Apple ponders iPad cannibalization of PCs

Apple COO Tim Cook says iPad market is 'very big' as market researchers raise their shipment forecasts.

Apple Chief Operating Officer Tim Cook said Tuesday that the iPad market is "very big" and speculated about cannibalization of PCs, while two market research firms upped their forecasts for tablet shipments in 2010.

As iPad continues to sell briskly, will it take a chunk out of PC sales?
As iPad continues to sell briskly, will it take a chunk out of PC sales?

During Apple's third-quarter earnings conference call Tuesday, Cook mused about the continuing strong sales of the iPad and its potential to eat into PC sales. The iPad "is not following typical early adopter curve and taking a long time to cross into the mainstream...We are absolutely selling every unit (iPad) that we can make," Cook said.

Cook continued. "Our guts tell us that this market is very big...if it turns out that iPad cannibalizes PCs, that's fantastic for us because there is a lot of PCs to cannibalize," he said.

This outlook varies somewhat with that of Intel, which supplies processors for the vast majority of PCs sold worldwide and sees tablets as merely additive. "I think this is an additive category of computing much like Netbooks were an additive category," Intel Chief Financial Officer Stacy Smith said last week during Intel's earnings conference call. Additive implies that there is little if any cannibalization of PCs.

Cook also explained how the iPad may have a positive effect on Mac sales. "Historically...iPod created a halo for the Mac and, in fact, as the iPod volumes took off you (saw) a dramatic change in Mac sales. So, could that happen on iPhone and iPad? We'll see," he said. "The Mac has outgrown the market 17 straight quarters. However, the Mac share is still low, so there is still an enormous opportunity for the Mac to grow. And certainly the more customers we can introduce to Apple through iPad, and through iPhone, and through iPod, you would think that there might be some synergy with the Mac there."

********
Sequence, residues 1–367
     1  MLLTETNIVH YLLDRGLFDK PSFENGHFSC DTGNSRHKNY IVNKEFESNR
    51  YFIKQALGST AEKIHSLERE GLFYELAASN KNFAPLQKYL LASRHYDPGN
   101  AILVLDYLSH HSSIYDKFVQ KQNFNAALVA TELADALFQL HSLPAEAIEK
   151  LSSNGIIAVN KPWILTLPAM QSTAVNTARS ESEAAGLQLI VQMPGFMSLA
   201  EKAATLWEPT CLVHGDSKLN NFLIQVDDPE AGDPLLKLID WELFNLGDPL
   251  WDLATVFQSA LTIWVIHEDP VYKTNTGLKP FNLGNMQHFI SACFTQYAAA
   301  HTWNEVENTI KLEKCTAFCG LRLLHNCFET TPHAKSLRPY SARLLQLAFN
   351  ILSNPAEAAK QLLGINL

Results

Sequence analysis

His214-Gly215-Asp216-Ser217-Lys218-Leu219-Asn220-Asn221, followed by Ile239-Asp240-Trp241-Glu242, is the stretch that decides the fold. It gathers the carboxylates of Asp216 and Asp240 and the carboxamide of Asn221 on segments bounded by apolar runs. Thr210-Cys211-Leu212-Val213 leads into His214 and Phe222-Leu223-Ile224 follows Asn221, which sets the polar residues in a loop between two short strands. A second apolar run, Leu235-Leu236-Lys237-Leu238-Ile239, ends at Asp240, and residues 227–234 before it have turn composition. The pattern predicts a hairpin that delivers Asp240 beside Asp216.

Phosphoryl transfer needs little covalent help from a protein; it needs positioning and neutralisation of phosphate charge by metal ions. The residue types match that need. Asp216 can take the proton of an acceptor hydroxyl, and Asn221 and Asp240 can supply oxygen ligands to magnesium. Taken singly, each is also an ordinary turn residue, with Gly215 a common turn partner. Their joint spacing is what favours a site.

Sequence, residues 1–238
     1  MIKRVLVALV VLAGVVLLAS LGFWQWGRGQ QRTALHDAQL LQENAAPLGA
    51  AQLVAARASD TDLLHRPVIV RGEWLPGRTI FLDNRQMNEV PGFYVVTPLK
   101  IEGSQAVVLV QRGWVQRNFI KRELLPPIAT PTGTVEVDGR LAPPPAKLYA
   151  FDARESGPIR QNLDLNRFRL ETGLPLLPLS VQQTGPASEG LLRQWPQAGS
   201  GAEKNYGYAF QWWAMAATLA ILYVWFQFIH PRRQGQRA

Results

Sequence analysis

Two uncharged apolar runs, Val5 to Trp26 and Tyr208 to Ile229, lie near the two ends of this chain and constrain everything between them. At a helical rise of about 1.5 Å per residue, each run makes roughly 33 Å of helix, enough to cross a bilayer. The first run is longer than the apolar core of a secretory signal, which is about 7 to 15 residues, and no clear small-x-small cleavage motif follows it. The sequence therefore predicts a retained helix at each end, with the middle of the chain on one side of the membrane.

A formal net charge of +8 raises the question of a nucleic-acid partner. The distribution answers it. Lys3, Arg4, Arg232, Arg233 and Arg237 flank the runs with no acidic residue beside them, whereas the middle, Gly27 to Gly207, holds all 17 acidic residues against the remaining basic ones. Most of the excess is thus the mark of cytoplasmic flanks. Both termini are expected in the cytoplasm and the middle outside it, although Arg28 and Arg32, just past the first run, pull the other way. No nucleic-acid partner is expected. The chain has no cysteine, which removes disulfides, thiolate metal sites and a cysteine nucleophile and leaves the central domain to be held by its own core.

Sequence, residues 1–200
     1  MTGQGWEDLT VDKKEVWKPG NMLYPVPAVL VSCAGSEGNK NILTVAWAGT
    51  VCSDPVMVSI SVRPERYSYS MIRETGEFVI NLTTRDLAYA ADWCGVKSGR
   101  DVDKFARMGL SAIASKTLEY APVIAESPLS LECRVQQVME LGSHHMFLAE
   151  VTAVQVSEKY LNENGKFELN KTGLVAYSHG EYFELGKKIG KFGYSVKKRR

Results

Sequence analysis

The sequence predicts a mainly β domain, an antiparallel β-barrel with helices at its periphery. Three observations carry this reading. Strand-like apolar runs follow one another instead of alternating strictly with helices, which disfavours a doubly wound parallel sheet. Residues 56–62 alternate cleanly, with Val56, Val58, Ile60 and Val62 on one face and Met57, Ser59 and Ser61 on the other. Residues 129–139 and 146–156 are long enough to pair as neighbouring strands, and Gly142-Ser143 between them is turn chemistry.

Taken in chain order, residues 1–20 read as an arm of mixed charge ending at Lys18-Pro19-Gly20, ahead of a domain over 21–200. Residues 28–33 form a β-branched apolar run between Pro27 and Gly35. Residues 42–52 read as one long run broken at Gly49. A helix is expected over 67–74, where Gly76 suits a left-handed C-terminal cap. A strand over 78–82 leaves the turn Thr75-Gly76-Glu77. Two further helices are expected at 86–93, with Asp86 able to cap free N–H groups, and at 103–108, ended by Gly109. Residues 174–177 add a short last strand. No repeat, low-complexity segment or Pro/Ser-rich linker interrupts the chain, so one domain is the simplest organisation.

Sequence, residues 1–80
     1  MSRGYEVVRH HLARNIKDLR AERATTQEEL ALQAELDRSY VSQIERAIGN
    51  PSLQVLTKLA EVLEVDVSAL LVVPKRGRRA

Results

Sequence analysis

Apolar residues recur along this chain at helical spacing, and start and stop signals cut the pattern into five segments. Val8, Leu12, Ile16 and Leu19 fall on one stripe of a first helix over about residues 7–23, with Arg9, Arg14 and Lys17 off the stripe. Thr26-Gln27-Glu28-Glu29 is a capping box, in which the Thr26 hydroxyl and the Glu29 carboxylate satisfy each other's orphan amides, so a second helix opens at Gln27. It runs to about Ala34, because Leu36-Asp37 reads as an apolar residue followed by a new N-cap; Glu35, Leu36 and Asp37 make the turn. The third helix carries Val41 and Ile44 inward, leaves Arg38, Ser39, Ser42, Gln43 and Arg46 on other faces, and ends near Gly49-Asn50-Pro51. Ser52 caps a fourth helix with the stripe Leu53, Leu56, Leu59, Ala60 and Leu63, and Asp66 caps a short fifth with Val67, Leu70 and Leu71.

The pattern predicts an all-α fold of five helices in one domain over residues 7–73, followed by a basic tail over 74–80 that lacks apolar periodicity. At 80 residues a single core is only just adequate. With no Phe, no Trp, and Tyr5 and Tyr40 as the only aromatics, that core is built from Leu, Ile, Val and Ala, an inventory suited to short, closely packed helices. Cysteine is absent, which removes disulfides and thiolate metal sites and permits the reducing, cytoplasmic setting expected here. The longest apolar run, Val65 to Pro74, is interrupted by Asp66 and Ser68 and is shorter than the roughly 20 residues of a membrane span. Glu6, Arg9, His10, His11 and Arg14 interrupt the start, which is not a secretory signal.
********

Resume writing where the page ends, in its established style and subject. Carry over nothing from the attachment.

Meanwhile two market researchers on Tuesday revised their forecasts upward for tablets, of which the lion's share in 2010 is Apple's iPad. ABI Research said it "has revisited its forecasts, almost tripling the original estimate to reach about 11 million tablets expected to ship by the end of 2010...based both on the broader availability of the iPad."

iSuppli, another market research firm, was even more bullish. "Amid indications that Apple Inc. is ratcheting up its iPad production targets to meet booming demand, iSuppli Corp. is ratcheting up its shipment forecast as well. iSuppli now predicts Apple will ship 12.9 million iPads in 2010, an increase from the previous forecast issued April 2nd of 7.1 million units."

The only thing crimping iPad shipments is limited production capacity, iSuppli said. "iSuppli believes that the only limitation on iPad sales now is production--and not demand," said Rhoda Alexander, director of monitor research for iSuppli.

Updated at 11:25 p.m. PDT adding Cook's discussion of iPod, iPad and Mac sales.

About the author

Brooke Crothers writes about mobile computer systems, including laptops, tablets, smartphones: how they define the computing experience and the hardware that makes them tick. He has served as an editor at large at CNET News and a contributing reporter to The New York Times' Bits and Technology sections. His interest in things small began when living in Tokyo in a very small apartment for a very long time.

 

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